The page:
by Andy SmithPosted on

“Gross Domestic Product” is Banksy’s new homewares brand, created after a greeting cards company tried to take his name and he was legally advised to prevent it by selling “his own range of branded merchandise.” This past week, the artist opened a showroom in Croydon (with doors that don’t actually open), and his site for the store says it’s opening for sales soon. GDP’s tagline: “Where art irritates life.”

by Andy SmithPosted on

Emmanuelle Moureaux, known for her massive installations using numerals and letters as building blocks, recently crafted a new major work for the 100th anniversary of the Calpis brand. “Universe of Words” at 3331 Arts Chiyoda is the latest in the “100 Colors” series from the artist. Moureaux was last featured on our site here. Photos of this installation are by Daisuke Shima.

by Andy SmithPosted on

In a major installation at Tolarno Galleries in Melbourne, Christopher Langton built his own immersive system of celestial bodies, robots, and organisms resembling viruses and fungi. “The hyperreal manifestation of Langton’s own recent experiences beset by life-threatening disease and infection, ‘Colony’ beckons us to consider that we are all multi-cellular symbiotic organisms, negotiating a precarious shared ecology,” the gallery says.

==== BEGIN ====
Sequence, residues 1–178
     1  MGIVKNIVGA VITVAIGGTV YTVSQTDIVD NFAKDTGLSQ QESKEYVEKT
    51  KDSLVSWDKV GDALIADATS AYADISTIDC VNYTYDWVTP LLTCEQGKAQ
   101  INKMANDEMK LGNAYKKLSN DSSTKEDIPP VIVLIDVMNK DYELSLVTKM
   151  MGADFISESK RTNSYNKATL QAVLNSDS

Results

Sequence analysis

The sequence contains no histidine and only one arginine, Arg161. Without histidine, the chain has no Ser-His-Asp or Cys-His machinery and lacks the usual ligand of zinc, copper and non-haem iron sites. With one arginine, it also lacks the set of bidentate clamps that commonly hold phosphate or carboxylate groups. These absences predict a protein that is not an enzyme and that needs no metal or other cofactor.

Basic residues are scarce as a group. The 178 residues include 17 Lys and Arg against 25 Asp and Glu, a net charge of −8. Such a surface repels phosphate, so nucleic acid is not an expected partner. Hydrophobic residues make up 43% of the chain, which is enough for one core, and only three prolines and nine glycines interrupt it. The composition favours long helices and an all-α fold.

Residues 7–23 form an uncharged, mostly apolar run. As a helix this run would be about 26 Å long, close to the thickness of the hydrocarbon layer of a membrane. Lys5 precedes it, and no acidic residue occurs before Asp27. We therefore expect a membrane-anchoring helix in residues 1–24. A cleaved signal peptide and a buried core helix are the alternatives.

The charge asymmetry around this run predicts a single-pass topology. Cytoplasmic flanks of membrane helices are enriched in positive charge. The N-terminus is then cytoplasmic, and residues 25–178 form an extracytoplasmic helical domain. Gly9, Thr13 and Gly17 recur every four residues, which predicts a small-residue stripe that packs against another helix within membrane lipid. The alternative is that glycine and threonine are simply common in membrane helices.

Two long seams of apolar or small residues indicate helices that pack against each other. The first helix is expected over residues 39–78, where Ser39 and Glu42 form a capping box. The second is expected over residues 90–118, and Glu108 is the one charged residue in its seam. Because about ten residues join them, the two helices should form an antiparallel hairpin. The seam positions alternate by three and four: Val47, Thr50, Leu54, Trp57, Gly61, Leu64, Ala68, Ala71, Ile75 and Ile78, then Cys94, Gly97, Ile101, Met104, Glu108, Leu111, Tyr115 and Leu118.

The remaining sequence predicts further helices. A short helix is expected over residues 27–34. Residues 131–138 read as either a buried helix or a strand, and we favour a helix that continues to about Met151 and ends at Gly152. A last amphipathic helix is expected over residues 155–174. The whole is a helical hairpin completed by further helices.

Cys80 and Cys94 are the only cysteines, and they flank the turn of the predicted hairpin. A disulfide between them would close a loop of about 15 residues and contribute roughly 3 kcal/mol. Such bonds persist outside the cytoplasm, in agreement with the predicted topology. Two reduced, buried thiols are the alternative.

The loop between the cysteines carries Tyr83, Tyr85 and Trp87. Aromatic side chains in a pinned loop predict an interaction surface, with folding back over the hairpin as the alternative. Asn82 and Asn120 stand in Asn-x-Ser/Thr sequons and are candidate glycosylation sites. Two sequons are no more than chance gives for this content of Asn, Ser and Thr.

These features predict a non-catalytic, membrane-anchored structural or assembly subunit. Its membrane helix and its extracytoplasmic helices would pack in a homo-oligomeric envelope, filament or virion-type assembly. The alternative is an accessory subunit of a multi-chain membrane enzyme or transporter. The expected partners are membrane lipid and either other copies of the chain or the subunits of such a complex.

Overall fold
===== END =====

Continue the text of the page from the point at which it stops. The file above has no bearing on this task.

by Andy SmithPosted on

Hiromi Tango textile work functions as both static, otherworldly growths in galleries across the globe and elements activated through performance art. Yet, much of the artist’s work is also about connecting directly with the artist, via performances that activate her writhing forms. Recent work has also taken her vision outside of traditional spaces.

by Andy SmithPosted on

South Korean artist Lee Bul creates sculptures and installations that move between dystopian techno-monsters and objects pulled from ruinous cityscapes. Emerging out of the late 1980s, Bul has examined urbanization, mythology, and societal “progress” in major exhibitions and shows. Earlier this year, she nabbed the annual, prestigious Ho-Am Prize.

by Andy SmithPosted on

Benedetto Bufalino’s public installations subvert our notions of an object’s function, whether it’s converting an entire city bus into a pool or a telephone booth into an aquarium. Many of his recent projects have occupied spaces in his native France. Another recent work: The artist changed a red Fiat into a street food car. Find more of his creations below.